April 11, a call you don't want to hear.

Tuesday was the first day that had light winds forecasted in forever. Everybody seemed to want to burn this day so we mentally prepared ourselves to respond to many loss of control calls. I was talking to Jeremy in the afternoon and he said Jed and Jordan were helping a farmer crew burn just north of Brookville. All was quiet so I moved my tractor to some Saline county farm ground with my mother following to bring me home to get my pickup. Arriving at my destination, the pager tones for an injury accident car verses ATV north of Brookville. It was hard to get one's 94 year old mother to drive home as fast as I would have liked. Next the pager tones for an out-of-control fire in the same area as the accident. I got on scene expecting to find dead friends and found Jed was talking to the ambulance folks as we boarded him and loaded him into the ambulance. Here's what happened. The "boys" were helping burn the last bit of pasture next to Brookville Rd. when the wind shifted and swirled, blowing smoke across the road. A car hit both ATV's then nosed into the west ditch. The fire jumped the road as the rescue process went on. About 5 acres burned before district 3 got it under control again. Somehow, the ATV drivers were not seriously hurt while somehow the car driver sustained a very serious head injury. I followed the ambulance carrying Jed into Salina and stayed with Jed's mom while Drs. worked on Jed. All x-rays were negative and he went home that evening. Whew.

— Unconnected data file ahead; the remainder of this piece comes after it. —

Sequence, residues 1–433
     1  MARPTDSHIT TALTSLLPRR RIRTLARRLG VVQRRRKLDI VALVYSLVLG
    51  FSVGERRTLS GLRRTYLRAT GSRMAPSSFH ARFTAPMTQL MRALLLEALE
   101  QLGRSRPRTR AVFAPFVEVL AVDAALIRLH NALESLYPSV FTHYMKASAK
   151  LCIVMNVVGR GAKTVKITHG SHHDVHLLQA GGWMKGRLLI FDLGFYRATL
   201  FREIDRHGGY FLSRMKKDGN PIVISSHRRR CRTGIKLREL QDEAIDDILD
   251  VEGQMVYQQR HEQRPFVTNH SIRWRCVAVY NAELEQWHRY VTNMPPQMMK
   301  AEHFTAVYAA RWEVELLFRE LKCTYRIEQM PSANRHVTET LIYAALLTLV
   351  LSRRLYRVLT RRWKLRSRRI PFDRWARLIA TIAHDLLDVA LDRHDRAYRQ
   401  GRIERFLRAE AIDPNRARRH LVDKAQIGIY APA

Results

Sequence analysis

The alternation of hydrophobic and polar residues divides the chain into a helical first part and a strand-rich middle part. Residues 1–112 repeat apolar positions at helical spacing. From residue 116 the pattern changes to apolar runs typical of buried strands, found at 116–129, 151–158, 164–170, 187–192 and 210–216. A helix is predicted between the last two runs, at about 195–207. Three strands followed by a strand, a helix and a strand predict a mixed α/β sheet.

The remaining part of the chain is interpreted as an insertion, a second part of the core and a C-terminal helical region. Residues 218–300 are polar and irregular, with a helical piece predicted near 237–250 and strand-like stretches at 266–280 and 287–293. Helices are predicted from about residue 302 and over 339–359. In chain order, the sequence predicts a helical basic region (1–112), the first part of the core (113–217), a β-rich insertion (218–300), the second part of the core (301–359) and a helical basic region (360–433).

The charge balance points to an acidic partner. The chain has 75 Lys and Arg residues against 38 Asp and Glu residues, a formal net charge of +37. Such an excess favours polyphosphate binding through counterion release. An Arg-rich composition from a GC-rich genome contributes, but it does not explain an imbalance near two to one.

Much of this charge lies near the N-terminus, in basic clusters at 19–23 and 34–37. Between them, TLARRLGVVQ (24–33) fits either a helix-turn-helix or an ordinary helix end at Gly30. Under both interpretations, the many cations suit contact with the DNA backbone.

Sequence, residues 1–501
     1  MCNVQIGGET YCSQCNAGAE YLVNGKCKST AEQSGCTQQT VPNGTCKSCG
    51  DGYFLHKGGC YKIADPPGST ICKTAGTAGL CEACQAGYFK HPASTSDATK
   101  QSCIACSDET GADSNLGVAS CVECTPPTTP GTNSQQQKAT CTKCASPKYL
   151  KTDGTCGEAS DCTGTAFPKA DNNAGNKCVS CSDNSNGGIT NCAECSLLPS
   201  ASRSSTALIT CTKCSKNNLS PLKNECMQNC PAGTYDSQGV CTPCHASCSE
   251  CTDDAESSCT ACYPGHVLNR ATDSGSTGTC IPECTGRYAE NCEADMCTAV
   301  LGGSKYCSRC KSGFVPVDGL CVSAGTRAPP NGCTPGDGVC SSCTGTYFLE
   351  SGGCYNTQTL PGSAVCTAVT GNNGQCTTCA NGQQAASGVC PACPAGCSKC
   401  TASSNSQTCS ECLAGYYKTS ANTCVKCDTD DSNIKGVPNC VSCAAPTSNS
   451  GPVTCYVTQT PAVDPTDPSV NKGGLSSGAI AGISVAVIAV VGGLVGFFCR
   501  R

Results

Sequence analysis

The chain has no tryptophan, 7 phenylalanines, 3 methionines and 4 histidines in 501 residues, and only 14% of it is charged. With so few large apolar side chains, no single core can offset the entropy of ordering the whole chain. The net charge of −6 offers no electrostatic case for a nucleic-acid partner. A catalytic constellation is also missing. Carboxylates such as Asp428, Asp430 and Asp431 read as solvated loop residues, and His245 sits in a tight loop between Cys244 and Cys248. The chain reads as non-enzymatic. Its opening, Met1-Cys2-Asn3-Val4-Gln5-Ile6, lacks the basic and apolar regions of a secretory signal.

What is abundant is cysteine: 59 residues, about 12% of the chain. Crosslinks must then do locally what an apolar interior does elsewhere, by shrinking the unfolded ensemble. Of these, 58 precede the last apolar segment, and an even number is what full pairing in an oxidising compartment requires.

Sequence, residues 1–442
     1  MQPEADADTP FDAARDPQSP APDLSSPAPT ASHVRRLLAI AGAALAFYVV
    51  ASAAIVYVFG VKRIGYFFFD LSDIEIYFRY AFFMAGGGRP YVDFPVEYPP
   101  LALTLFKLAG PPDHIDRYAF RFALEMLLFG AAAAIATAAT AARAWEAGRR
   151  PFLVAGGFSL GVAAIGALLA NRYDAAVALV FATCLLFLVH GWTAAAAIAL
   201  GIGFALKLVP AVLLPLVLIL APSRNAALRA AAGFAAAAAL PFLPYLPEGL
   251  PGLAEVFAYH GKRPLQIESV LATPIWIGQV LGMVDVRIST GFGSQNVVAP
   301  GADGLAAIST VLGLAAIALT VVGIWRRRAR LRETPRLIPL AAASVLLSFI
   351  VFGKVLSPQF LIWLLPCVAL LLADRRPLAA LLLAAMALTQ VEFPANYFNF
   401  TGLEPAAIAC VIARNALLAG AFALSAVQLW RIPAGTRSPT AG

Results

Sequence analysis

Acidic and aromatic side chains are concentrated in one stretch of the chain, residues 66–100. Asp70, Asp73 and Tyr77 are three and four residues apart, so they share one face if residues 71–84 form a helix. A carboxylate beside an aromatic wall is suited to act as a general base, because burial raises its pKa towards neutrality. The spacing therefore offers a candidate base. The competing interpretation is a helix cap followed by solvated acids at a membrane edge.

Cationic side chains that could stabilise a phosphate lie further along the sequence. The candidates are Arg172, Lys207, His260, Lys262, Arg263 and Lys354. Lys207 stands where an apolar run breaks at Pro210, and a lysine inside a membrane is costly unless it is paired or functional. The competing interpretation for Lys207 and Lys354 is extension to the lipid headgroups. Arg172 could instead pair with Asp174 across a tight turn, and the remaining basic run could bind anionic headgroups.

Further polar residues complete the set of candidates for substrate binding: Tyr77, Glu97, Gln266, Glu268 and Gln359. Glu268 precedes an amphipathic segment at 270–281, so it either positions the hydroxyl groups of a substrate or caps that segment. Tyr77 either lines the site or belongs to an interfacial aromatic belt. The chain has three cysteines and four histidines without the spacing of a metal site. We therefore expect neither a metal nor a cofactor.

April 18, early morning vehicle fire run.

Around 4 am. in the morning, the pager tones for this fire. A van on fire 100 feet from a house on north Link Rd. I got up and donned my gear and took off. I could hear Engines 341 & 321 respond as well as T-342 so I headed for the scene direct, or so I thought. Like a dum-dum I forgot that a cross road was closed until after committing to that route. So I had to back-track a distance before getting on scene. By then the fire was under control and command released me to go home.

A still capture off of Jeremy's video of the van smoldering after being fully involved.

April 24, grass fire at Armstrong and Eff Creek roads.